What it’s Been Like Before
… let’s return to our Kenyan authors’ recounting of day-to-day life prior to “civilization’s” arrival on their scene.
These writers report true psychosis to have been so extremely rare as to be practically unknown. In the entire, vastly widespread Kikuyu nation, the necessity to place a true evildoer under control had, for as long as anyone could remember hearing it discussed, occurred but once in several generations.
Theft was so unusual that a culture-wide aversion to the magical effects of counting anything exactly, possessions included, had continued as a realistic and workable way to conduct the business of life within these authors’ own lifetimes.
Nor can these realities have been isolated to this single civilization, for until the advent of the box-shaped wooden home now almost universal to our species, all citizens, high and low, of every culture on earth slept and stored their belongings, both in their presence and in their sometimes prolonged absences, in tents, tepees, grass and mud huts, yurts, igloos ~ all structures which are impossible (in the sense we conceive of it) to make secure
In fact …
… continuous among an overwhelming majority of earth-centered societies throughout the tens of thousands of years of their historical and prehistorical planetary heyday was the virtually total abandonment by every able-bodied man, woman and child of every village, each two to five years, to spend up to a week traveling to, at least a week participating in, and a further week returning home from massive intertribal gatherings.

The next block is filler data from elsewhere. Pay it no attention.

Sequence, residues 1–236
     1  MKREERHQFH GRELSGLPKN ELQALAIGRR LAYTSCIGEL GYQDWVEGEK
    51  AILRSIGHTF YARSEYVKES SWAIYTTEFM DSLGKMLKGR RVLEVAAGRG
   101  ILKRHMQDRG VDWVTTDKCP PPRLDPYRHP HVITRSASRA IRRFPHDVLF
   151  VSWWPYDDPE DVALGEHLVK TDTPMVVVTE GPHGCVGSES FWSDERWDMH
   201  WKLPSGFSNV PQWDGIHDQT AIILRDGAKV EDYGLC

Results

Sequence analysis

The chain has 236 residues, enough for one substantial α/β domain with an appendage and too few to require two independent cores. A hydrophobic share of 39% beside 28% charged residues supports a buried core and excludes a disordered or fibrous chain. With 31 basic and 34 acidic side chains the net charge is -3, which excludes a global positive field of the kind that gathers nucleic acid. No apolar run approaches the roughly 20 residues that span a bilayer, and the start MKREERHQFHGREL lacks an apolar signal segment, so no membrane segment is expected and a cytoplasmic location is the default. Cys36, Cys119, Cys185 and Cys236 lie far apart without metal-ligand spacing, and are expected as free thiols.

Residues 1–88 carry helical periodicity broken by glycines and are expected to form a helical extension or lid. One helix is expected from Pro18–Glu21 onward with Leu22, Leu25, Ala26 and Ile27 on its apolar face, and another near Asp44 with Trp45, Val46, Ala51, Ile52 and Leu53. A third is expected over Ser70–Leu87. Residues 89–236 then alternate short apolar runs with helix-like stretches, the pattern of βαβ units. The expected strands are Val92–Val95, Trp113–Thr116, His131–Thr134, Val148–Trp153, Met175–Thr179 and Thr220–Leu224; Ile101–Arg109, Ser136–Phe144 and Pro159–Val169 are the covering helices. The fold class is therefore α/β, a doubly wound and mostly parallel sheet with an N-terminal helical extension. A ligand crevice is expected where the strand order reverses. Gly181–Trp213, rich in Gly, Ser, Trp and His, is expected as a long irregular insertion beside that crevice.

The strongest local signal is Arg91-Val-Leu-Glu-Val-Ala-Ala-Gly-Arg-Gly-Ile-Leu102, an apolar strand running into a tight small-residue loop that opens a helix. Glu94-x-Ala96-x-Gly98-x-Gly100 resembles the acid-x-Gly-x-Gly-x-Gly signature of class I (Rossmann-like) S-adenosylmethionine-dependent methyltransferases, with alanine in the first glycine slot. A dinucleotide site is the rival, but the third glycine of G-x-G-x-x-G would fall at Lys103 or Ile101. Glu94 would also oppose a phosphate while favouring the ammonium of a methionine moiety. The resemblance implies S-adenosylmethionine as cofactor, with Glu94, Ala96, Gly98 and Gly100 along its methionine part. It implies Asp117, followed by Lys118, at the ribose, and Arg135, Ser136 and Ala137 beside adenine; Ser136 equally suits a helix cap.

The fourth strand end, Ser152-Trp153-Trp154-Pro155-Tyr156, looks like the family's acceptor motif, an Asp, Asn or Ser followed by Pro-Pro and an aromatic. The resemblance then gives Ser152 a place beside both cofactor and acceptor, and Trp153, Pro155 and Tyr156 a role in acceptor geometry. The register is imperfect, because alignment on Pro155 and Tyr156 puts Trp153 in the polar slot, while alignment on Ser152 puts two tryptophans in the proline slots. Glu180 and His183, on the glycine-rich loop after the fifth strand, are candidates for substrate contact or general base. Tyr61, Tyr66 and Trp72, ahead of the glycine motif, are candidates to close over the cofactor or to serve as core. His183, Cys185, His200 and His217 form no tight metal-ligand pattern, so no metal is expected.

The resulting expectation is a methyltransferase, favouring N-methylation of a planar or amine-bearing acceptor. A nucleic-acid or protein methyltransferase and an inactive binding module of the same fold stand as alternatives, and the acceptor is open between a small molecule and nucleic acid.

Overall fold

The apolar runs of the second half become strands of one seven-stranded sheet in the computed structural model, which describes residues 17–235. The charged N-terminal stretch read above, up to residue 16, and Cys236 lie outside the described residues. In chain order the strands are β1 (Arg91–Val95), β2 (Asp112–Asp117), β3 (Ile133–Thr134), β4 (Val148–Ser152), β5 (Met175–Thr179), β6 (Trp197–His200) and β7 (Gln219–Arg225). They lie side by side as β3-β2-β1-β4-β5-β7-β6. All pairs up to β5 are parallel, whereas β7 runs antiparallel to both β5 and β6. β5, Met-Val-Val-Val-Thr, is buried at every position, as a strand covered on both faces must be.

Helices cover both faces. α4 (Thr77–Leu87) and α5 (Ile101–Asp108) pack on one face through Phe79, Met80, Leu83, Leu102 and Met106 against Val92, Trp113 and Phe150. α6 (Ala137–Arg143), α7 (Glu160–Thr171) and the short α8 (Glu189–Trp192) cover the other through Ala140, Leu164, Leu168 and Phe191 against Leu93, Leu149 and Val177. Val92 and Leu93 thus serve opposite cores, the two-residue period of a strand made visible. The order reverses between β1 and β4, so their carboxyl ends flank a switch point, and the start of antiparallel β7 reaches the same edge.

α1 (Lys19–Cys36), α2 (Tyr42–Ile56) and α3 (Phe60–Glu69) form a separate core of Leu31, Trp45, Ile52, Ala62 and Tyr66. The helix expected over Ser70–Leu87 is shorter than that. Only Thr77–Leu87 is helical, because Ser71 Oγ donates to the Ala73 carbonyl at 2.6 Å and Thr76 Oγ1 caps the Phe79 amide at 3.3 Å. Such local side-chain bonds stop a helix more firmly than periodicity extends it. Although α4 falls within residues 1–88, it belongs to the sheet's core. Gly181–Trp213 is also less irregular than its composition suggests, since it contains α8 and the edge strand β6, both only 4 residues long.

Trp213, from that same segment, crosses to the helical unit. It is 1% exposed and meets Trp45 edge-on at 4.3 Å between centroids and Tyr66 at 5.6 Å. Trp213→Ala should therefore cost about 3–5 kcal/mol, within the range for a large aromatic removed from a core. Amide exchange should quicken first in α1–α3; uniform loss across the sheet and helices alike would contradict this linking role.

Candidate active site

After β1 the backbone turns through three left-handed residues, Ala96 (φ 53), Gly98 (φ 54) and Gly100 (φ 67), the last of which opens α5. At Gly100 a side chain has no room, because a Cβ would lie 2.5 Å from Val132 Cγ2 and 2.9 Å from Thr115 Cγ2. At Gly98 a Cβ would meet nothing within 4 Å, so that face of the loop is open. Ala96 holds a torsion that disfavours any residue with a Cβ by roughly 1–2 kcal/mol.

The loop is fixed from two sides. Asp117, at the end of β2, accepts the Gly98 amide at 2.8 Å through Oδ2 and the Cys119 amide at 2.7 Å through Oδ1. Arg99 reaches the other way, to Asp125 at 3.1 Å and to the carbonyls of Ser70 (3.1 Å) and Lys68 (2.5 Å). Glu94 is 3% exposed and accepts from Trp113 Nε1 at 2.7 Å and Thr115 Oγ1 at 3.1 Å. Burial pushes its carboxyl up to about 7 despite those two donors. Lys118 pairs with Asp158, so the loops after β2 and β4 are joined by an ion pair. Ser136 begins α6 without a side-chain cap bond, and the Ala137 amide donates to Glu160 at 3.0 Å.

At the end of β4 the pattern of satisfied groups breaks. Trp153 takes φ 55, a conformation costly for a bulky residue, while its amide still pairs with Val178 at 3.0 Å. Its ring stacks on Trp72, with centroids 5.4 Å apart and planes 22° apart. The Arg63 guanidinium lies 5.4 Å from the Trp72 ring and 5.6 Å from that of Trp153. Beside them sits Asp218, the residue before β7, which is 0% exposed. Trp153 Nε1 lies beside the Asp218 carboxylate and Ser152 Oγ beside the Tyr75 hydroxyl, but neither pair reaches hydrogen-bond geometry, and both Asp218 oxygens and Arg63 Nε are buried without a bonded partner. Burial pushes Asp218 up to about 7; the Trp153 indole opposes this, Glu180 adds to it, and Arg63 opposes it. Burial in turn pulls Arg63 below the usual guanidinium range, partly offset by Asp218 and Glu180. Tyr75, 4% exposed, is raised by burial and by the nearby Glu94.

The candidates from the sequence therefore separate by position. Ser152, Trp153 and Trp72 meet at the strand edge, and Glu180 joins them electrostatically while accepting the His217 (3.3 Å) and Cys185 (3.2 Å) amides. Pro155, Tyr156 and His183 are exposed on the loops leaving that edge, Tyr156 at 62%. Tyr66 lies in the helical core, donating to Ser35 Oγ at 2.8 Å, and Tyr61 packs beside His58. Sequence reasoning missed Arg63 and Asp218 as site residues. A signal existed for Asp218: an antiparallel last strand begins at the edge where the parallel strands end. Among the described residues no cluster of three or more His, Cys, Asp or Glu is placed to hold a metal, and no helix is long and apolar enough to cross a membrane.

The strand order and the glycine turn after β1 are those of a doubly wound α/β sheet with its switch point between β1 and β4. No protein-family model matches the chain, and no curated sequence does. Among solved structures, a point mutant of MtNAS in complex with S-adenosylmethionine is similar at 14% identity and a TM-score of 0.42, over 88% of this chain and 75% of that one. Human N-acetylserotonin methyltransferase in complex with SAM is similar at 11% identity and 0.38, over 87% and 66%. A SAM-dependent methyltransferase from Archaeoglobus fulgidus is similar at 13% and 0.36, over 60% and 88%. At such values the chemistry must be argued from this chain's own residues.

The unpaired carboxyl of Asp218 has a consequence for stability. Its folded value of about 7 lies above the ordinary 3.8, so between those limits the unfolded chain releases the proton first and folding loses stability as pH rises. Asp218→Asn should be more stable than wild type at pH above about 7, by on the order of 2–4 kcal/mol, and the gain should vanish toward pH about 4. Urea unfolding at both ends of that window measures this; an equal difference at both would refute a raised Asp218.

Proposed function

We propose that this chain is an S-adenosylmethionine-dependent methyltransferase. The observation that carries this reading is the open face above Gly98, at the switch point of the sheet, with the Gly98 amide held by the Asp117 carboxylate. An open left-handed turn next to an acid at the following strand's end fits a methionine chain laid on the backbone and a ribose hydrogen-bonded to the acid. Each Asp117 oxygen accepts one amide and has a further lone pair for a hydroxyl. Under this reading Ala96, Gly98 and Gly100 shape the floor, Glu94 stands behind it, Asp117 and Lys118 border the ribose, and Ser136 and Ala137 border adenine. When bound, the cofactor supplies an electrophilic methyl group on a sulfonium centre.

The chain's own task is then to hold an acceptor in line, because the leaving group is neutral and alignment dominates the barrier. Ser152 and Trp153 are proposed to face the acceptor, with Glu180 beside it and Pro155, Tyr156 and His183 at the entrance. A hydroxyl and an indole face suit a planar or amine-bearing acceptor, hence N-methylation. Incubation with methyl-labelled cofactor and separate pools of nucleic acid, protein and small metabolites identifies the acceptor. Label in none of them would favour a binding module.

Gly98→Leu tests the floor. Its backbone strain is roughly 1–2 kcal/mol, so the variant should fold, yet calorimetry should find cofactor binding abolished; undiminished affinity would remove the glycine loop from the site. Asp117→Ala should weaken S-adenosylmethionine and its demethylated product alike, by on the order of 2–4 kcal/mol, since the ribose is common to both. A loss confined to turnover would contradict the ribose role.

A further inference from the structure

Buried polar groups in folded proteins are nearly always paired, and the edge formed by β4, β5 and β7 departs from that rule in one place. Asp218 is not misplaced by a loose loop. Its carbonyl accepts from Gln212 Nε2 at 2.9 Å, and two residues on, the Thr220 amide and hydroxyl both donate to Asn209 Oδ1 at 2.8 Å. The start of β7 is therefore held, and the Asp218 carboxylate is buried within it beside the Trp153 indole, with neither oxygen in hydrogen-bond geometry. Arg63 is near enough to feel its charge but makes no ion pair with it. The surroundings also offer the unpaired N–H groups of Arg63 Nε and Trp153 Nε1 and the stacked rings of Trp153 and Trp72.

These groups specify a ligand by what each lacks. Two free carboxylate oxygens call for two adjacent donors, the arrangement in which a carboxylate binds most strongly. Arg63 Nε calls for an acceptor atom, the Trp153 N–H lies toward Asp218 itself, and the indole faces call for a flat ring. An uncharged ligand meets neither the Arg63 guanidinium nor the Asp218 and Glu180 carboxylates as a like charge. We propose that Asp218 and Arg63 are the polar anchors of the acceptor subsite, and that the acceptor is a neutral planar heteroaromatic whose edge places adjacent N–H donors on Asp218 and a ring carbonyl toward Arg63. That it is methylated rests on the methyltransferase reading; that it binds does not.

These gatherings provided for, along with many other eagerly anticipated exchanges of presents, news, and goods, nothing less than the perpetuation of the species by allowing an avoidance of the pitfalls of inbreeding, for this was where the young adults customarily found and courted their mates.
Objects of practical and preferential value
… required significant investments of time, energy and skill to create or acquire.
You can bet that with provisions, gifts and trade goods to take along there wasn’t enough manpower left to carry every treasured tool and possession. And you can bet as well that the practice would never have persisted if it had proven with any kind of frequency to involve finding ones home site ransacked upon returning to it
When the women of these villages went for water, to bathe or gather food
… it was hungry animals and foreign warriors for whom they watched, not men from their own village.
In our own much more barbaric place and time, the rampant rape statistics are composed mostly of attackers familiar to their victims.
These women were allowed to say “no.”
From first to last, marriage negotiations ~ though involving significant investments from, and lasting responsibilities taken on by, both families on behalf of one another ~ were conducted with periodical ceremonial checkpoints to ensure the bride’s continuing participation was indeed wholehearted. The last of these opportunities was built into the marriage ceremony itself.
After marriage, whenever she preferred solitude for any reason, she had the right to close the door of her hut to everyone, her husband included, without judgment, censure or hurt, felt or received.
As any psychologist will attest
That which we become as eventual adults is overwhelmingly influenced by two factors; one being our individual biological heritage and the other the surrounding circumstances in which each of us spends his or her childhood.
Thus, in the next few pages’ brief comparative overview of potential psychosis-inducing elements in the day-to-day realities of two historically verifiable yet highly contrasting cultures, we will begin with those which come into play in childhood, continuing with those which enter consideration with the gradual acquisition of maturity.